Pop-up restaurants have been told they must comply with food safety regulations and register with local councils before trading.
The warning, from auditing service provider Lloyd’s Register, follows a huge increase in street food and pop-up restaurant vendors in the UK in recent years.
The mobile catering boom has raised fears that some vendors could cut corners with food safety regulations and in their food handling and storage regimes.
Justine Wadge, technical consultant, customised assurance at Lloyd’s Register, said pop-ups are governed by the same regulations as permanent restaurants.
“There is a misconception that the transient and temporary nature of pop-up restaurants means that they aren’t governed by the same regulations, such as the Food Safety and Hygiene Regulations 2013 or the Regulation (EC) 852/2004. This is a fundamental misunderstanding of the food regulatory regime in the UK.”
Ms Wadge says that over-stretched council resources are also potentially creating holes in the system.
“Local councils just don’t have the resources to deal with the pop-up restaurant explosion, particularly when some vendors may only be on site for one or two days. If there are not enough local environmental health inspectors this could cause the unaware to unwittingly carry out practices that could lead to a food poisoning outbreak and encourage the unscrupulous to try and cut corners.
“Even if a vendor is only in one location for a few days, temporary food businesses must still register with the local council, specifically the environmental health inspectors.”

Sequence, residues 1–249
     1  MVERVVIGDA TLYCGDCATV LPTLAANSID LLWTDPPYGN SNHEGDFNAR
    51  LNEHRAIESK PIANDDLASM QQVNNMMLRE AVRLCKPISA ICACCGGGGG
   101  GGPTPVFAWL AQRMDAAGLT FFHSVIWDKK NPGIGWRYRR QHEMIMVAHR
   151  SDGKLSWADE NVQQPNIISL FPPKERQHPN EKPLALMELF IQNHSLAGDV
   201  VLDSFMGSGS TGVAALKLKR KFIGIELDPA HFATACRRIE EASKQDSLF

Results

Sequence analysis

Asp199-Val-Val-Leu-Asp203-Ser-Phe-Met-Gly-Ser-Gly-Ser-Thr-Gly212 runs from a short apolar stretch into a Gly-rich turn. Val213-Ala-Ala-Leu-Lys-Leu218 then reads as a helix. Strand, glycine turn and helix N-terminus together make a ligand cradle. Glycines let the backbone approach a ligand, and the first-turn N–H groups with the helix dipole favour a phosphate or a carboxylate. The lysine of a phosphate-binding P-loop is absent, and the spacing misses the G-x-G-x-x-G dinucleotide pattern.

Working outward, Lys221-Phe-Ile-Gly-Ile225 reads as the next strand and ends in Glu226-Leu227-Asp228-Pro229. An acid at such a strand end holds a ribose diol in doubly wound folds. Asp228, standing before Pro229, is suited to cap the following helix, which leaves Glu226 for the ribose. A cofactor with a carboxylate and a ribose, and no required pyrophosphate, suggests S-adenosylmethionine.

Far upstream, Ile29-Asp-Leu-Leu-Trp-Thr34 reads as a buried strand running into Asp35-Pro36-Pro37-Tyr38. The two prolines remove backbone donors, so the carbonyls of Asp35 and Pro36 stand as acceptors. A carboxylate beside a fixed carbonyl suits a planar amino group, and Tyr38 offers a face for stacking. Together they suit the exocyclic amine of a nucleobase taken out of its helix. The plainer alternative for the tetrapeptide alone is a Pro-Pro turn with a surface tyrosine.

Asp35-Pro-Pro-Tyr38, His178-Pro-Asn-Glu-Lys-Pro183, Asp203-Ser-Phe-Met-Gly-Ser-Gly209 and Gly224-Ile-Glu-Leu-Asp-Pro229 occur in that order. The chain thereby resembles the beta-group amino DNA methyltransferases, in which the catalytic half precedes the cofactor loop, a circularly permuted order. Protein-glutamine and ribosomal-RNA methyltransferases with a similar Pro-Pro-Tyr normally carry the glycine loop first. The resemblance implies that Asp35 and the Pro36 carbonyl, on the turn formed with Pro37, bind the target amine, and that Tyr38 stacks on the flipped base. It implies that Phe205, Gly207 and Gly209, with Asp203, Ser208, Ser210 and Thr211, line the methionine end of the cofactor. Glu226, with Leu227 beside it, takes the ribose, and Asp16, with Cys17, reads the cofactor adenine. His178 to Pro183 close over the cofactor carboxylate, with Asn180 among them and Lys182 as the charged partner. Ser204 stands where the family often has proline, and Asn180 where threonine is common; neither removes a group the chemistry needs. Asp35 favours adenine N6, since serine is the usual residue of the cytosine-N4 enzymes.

The rise in pop-up restaurants in the UK has taken many forms, from market stalls to food trucks and vacant shop units.
Ultimately, predicts Ms Wadge, it will reach a stage where self-policing forms a large part of the regulatory solution.
“It is the responsibility of the pop-up to ensure that they are doing things properly. The old safety net of council inspections is no longer there and that leaves vendors more and more exposed.
“Training is key for all pop-up vendors, particularly with basic hygiene and food storage principles, such as separate worktops for raw and ready to eat preparation, refrigeration, cleaning stations and personal hygiene.”
“Without the proper food handling and storage techniques, pop-up restaurants risk leaving themselves open to prosecution and civil claims if anything goes wrong. What’s more, with recent changes to the sentencing guidelines, businesses could be facing large penalties for infringements of the regulations.”